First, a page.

Local parents react to NRA plan to put armed guards in schools - WQOW TV: Eau Claire, WI NEWS18 News, Weather, and Sports

Local parents react to NRA plan to put armed guards in schools

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MADISON (WKOW)-- Gun control has been a hotly-debated topic since the shooting at Sandy Hook Elementary school in Connecticut, with many calling for stricter gun laws and the NRA now asking for armed guards at every school.

"If a good guy with a gun had been there he might have been able to stop him," NRA CEO Wayne Lapierre has said.

He reaffirmed those thoughts Sunday morning on Meet the Press, when he again brought up putting an armed guard at every school in America. Since the NRA unveiled this idea in a Friday statement, opinions have been flying.

"I think it's not a bad idea because I think we have to protect ourselves from the criminals who can get their hands on guns," local mom Angela Pica says.

Even though the NRA says its plan is to make sure every guard is properly trained, some say it's simply crazy to put more guns near schools.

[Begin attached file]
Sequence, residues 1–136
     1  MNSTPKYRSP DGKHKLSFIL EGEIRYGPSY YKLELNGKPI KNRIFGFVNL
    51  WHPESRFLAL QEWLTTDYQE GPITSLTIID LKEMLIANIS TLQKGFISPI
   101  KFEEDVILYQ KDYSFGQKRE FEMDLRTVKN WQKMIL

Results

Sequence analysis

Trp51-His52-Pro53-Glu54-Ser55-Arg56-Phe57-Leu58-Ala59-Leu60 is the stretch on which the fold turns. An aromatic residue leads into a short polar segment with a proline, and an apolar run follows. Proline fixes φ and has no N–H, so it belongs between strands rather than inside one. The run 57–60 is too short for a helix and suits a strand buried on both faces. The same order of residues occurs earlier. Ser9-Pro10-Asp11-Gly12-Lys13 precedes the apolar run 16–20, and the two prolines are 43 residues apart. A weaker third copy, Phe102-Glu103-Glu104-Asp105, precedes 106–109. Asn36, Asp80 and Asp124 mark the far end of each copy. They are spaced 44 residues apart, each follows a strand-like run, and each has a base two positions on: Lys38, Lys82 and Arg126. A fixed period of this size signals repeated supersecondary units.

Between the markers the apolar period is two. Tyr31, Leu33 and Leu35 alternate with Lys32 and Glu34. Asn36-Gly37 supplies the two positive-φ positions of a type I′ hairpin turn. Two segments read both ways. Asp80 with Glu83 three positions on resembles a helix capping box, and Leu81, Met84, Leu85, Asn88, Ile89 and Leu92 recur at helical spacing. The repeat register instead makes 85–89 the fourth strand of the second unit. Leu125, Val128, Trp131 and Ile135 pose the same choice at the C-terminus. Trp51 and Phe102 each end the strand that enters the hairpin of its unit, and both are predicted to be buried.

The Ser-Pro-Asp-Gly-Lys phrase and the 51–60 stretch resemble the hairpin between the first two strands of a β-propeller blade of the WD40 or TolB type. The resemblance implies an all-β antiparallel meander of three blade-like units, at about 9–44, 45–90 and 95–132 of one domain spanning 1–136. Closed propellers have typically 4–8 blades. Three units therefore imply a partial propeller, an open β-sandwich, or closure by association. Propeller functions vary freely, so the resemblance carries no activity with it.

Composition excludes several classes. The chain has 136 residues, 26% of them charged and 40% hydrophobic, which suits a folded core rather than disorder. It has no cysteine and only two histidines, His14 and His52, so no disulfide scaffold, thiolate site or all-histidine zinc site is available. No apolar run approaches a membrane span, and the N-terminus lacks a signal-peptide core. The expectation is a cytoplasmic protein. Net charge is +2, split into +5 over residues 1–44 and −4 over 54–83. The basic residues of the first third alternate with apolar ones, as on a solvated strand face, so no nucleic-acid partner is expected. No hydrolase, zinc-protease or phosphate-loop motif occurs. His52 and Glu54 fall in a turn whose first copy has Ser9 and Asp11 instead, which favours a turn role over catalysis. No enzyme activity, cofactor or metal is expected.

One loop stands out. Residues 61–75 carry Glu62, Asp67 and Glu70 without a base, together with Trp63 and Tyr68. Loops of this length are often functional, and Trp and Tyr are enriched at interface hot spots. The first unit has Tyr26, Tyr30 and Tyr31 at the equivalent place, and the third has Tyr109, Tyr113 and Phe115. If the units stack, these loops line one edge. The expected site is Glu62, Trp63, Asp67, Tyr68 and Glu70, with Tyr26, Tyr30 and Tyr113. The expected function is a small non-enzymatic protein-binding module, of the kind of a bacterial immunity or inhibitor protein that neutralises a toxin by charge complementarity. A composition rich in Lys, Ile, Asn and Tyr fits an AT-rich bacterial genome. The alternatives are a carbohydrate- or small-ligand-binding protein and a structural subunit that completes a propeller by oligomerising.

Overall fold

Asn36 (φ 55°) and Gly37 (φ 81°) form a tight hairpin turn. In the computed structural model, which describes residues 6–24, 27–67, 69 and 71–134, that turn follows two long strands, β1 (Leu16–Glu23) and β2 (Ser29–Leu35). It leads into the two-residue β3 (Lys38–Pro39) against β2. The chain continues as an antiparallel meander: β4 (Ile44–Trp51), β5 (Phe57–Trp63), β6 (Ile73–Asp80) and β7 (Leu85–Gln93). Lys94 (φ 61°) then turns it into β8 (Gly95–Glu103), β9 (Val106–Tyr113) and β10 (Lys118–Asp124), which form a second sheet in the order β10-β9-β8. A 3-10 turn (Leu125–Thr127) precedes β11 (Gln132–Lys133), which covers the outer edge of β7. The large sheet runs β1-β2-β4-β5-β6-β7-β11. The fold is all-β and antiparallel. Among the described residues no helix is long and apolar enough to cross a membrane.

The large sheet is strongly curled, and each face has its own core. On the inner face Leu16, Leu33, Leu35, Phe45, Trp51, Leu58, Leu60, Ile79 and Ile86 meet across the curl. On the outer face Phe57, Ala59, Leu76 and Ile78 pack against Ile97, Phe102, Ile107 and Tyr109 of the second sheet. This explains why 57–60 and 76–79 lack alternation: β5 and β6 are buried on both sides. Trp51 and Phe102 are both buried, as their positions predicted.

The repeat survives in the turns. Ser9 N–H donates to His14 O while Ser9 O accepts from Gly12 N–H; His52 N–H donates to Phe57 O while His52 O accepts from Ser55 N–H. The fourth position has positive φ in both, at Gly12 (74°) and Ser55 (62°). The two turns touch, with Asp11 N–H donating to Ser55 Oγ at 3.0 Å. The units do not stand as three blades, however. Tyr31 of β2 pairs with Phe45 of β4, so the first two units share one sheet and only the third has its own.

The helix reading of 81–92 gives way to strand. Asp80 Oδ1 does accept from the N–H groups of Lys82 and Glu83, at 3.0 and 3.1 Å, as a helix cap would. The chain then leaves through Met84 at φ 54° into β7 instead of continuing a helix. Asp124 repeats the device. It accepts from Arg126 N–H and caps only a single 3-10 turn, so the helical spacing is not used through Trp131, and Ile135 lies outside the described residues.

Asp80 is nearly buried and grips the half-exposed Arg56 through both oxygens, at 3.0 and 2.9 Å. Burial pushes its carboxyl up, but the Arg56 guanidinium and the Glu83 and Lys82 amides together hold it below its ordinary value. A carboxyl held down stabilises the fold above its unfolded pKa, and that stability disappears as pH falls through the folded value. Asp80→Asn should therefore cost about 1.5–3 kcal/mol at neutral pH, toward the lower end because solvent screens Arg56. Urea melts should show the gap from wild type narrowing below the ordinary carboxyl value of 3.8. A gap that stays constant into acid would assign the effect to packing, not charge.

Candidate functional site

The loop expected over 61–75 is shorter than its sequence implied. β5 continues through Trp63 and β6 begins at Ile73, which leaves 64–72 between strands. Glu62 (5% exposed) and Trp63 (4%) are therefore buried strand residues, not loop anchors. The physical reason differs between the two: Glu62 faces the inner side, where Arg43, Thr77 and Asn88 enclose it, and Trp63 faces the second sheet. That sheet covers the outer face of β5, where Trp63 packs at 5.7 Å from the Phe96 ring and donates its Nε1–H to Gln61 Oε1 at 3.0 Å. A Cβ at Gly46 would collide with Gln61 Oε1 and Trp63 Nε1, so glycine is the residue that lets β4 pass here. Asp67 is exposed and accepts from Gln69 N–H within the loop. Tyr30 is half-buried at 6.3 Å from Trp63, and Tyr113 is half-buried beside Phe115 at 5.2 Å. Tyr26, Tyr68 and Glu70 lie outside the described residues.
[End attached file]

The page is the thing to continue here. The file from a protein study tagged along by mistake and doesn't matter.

"I don't think it's a good idea because the important issue is gun control. I just, even before the Connecticut shootings, I believe what I've always believed, that we need stricter gun control laws," parent Gina Chirichella says.

Many people believe the idea is too outrageous and extreme, but some parents we found around town today say it's simply a way of life where they're from.

"I come from New York and in New York all the schools in New York City, it's nothing to brag about, but they all have armed police officers and metal detectors in the schools basically because of that reason," says Peter Pica.

Jeri Bonavia, Executive Director for the Wisconsin Anti-Violence Effort, knows armed guards are nothing new. But she says time and time again history has shown it's not the answer.

"There was an armed guard at Columbine and there were obviously armed personnel at the Fort Hood shooting. There's an armed police force at Virginia Tech. It's not like that idea is somehow new," Bonavia says.

The National Rifle Association calls the idea simple but effective. Time will tell if lawmakers agree.

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